7-year-old Cameron Simoncic knew something wasn’t right as soon as he got home from Ellen Woodside Elementary. His father, who is diabetic, was unresponsive in the kitchen.
“My dad has diabetes, and he has these episodes, and whenever it happens, his brain can’t function,” says Cameron.
Cameron tried to use his dad’s cell phone to call for help but didn’t know the phone’s password and was unaware that there’s a way to call emergency services without unlocking the phone. The house doesn’t have a landline, so Cameron ran next door to get a neighbor for help. When no one answered, he made a split-second decision that probably saved his dad’s life.
The second-grader hopped on his bike and pedaled off down the street toward his grandparents’ house, crossing four lanes of traffic to get on Highway 25.
As luck would have it, Cameron’s old teacher from first grade, Keller Sutherland, happened to be on her way home on that very road at the same time. She was having a rough day and wondering if her life’s work really meant anything when she saw a small child riding his bike down the busy road and felt something must be wrong.
The mom of two felt her motherly instincts kick in, and she decided to pull over to assess the situation. It was then that she discovered the child was Cameron and learned that he was looking for help for his dad, who was slowly dying of hypoglycemia. She dialed 911, and Cameron, chauffered by Sutherland, showed the emergency crew the way back to his dad’s house.
Once they’d arrived, emergency personnel treated Cameron’s dad with an injection of glucagon to bring him back to consciousness. Then they fed him a pack of crackers, which Sutherland had just bought before leaving school that day.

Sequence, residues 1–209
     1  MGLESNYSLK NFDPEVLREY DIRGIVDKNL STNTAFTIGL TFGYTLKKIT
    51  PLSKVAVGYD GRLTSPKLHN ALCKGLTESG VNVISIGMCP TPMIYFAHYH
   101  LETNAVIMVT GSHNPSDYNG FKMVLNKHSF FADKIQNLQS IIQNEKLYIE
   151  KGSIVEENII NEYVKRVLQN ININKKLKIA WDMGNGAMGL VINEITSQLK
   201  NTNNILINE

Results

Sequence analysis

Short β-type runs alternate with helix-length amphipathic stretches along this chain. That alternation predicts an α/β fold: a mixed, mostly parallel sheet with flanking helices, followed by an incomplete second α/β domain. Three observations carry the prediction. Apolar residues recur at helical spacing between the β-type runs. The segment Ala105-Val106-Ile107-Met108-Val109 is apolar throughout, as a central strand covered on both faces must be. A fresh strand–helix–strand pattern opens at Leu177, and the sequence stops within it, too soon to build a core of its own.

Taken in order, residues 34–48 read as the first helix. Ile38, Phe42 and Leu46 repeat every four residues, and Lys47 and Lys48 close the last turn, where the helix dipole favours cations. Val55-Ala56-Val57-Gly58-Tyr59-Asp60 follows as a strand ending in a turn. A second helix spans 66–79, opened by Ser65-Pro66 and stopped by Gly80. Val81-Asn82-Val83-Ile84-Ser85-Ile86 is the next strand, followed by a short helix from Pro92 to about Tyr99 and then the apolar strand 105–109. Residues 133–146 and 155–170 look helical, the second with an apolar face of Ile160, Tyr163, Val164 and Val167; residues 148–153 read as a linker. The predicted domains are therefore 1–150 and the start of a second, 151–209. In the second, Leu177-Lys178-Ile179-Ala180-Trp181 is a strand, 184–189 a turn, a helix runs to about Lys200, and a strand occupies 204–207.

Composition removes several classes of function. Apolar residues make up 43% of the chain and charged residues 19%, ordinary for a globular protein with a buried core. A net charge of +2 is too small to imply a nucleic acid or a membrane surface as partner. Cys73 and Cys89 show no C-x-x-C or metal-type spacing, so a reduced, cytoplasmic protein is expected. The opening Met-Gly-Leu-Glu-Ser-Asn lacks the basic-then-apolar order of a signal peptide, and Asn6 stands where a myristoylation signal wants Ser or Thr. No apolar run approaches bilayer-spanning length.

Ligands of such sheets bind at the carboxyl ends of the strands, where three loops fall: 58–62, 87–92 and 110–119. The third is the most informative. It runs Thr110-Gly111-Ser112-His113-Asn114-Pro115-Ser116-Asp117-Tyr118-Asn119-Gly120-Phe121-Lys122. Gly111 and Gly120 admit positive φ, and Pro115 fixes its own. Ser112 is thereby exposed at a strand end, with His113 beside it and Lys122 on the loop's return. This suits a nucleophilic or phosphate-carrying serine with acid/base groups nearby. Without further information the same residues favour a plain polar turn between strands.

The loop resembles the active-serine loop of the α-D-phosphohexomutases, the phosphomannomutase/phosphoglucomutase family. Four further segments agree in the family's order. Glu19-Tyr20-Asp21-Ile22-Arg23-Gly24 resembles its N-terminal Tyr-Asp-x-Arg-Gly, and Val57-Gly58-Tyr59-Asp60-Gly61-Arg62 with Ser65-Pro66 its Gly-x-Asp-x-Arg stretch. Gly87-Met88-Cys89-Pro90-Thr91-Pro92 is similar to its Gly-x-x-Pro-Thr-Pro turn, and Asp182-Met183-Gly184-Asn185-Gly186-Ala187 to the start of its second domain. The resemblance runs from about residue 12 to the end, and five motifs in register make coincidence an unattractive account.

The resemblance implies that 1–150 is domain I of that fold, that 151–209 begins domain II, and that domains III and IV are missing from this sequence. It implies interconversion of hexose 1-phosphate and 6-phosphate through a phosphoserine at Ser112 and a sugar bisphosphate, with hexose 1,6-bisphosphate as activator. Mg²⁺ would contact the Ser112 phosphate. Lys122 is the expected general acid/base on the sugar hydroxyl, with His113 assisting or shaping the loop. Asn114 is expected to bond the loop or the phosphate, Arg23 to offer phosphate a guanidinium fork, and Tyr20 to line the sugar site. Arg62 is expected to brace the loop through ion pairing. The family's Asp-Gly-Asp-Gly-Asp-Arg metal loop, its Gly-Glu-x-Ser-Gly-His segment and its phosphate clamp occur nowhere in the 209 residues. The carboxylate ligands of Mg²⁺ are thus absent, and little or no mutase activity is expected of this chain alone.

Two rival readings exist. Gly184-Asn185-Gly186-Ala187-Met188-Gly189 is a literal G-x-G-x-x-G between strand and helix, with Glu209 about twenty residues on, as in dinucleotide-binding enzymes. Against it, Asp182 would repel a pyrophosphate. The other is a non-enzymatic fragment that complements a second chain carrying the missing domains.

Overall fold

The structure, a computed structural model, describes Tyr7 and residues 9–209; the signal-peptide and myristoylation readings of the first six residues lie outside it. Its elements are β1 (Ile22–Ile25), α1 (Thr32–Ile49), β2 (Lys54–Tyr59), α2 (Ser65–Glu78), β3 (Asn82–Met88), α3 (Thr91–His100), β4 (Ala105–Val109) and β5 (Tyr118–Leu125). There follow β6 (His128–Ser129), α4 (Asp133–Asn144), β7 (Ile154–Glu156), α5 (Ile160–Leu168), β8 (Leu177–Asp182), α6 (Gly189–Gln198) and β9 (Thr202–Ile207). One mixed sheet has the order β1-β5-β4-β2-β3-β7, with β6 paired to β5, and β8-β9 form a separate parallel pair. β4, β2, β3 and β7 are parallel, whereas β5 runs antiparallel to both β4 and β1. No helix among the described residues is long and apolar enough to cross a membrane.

So many tiny miracles and brave choices added up to one big life-saving event for one man, and the lives of Cameron and Sutherland were also changed in the process. Cameron is being touted as a hero, and Sutherland says she’s been reminded that she has a purpose in this world.
“I truly believe this was not a coincidence,” Sutherland says. “There’s no doubt that God placed me where He did when He needed me.”
Check out the full story in the video below.
This story should serve as a reminder to show your kids how to make an emergency call on a cell phone even when it’s locked and to review emergency plans on a regular basis.
Elizabeth Nelson is a wordsmith, an alumna of Aquinas College in Grand Rapids, a four-leaf-clover finder, and a grammar connoisseur. She has lived in west Michigan since age four but loves to travel to new (and old) places. In her free time, she. . . wait, what’s free time?